Outrage has ensued after the Post Office revealed its plans to cut its leavers payment for "hard to place" subpostmasters affected by internal changes by more than half.

Post Office Ltd is facing backlash over its decision to cut long-serving Hard to Place (HtP) subpostmaster’s leavers payment in March 2025.

Following the closure of the Network Transformation programme - a major reorganisation of the Post Office network - in 2018, the Post Office held a ‘Hard to Place’ register, which covers offices that have not found a replacement subpostmaster, such as the Hollybush Post Office in Welwyn Garden City.

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The NT programme began in 2012. For subpostmasters who did not want to change their contract to one of the new operating models, an 18-month 'leavers payment' provision was made.

In 2014 this payment was increased to 26 months due to the programme becoming compulsory.

Conditional resignation forms were given to those that did not sign, allowing them to leave with the payment once a new subpostmaster was found. 

At the end of the NT programme, Post Office redeployed or made redundant field change advisors, meaning there was no dedicated team within Post Office looking to find a replacement Postmaster. This has left the Postmasters in limbo.

Since then, Post Office Ltd has written to the remaining subpostmasters that the NT programme will cease in March 2025, forcing them to agree to a 12-month payment.

The National Federation of SubPostmasters (NFSP) believes that this decision is morally wrong, as it "may deprive many colleagues of funds to ease their financial position through retirement".

NFSP chief executive Calum Greenhow wrote: "Post Office are willing to treat postmasters today in the same manner in which they treated them throughout the Horizon scandal."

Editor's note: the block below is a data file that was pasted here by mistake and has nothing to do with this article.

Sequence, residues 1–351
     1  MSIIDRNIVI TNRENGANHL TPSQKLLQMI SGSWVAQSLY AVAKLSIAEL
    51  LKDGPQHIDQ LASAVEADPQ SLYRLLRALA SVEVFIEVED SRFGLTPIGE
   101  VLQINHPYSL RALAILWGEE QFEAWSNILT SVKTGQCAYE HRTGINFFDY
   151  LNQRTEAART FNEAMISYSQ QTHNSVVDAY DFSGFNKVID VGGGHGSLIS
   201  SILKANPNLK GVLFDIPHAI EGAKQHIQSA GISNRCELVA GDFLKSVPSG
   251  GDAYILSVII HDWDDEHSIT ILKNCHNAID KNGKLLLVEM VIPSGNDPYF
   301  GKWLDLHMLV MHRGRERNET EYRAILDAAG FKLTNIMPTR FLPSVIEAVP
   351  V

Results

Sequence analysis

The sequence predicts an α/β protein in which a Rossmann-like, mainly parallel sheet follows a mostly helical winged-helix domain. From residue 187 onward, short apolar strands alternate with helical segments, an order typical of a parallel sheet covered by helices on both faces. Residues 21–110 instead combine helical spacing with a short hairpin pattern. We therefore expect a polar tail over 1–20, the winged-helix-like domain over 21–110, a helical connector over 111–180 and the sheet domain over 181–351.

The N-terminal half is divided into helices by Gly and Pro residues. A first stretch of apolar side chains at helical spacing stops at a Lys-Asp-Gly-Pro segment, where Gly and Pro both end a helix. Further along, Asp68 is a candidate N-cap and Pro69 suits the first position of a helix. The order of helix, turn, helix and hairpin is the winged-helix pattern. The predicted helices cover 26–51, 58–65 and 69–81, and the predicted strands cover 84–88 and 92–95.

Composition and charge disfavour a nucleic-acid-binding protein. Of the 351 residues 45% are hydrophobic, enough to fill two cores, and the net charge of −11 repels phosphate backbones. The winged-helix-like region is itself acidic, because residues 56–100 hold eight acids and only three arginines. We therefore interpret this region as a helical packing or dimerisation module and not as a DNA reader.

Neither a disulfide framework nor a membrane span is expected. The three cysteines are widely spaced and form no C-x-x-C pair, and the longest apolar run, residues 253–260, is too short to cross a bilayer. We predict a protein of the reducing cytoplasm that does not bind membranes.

"Government consistently state that they have provided funding to the Post Office of £2.4bn via the NT process, which should have included ring-fenced funds to allow all those colleagues from 2015 to exit the network with 26 months leavers payment. Our question remains, what has happened to that ring-fenced money?"

In response, a Post Office spokesperson, said: "Following a programme that first started over a decade ago, there are around 130 Post Offices, out of a network of over 11,500 branches today, that constitute a hard-to-place branch.


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"Under the programme’s arrangements, agreed with the Government of the time, Postmasters who wanted to leave the network were only entitled to an exit payment if and when a replacement branch was found.

"We have endeavoured to keep these Postmasters updated with regards to their options for remaining or leaving their role as a Postmaster.

"We have asked these 130 Postmasters to tell us how they would like to proceed with regards to their Post Office.

"We fully recognise that for these Postmasters this is a difficult time, but with limited funds we need to ensure we prioritise maintaining access in the areas our communities and customers need it most."